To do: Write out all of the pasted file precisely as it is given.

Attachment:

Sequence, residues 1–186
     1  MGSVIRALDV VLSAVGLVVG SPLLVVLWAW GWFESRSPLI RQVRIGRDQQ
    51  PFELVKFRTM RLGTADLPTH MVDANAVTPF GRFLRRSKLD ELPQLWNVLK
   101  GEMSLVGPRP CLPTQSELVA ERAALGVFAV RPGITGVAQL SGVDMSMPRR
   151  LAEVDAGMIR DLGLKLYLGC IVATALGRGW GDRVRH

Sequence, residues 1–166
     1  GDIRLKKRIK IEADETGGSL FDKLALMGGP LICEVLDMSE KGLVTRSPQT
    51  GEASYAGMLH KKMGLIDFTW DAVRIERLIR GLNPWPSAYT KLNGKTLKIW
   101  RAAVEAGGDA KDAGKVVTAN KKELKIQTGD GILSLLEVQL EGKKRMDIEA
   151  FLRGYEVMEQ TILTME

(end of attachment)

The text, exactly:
Sequence, residues 1–186
     1  MGSVIRALDV VLSAVGLVVG SPLLVVLWAW GWFESRSPLI RQVRIGRDQQ
    51  PFELVKFRTM RLGTADLPTH MVDANAVTPF GRFLRRSKLD ELPQLWNVLK
   101  GEMSLVGPRP CLPTQSELVA ERAALGVFAV RPGITGVAQL SGVDMSMPRR
   151  LAEVDAGMIR DLGLKLYLGC IVATALGRGW GDRVRH

Sequence, residues 1–166
     1  GDIRLKKRIK IEADETGGSL FDKLALMGGP LICEVLDMSE KGLVTRSPQT
    51  GEASYAGMLH KKMGLIDFTW DAVRIERLIR GLNPWPSAYT KLNGKTLKIW
   101  RAAVEAGGDA KDAGKVVTAN KKELKIQTGD GILSLLEVQL EGKKRMDIEA
   151  FLRGYEVMEQ TILTME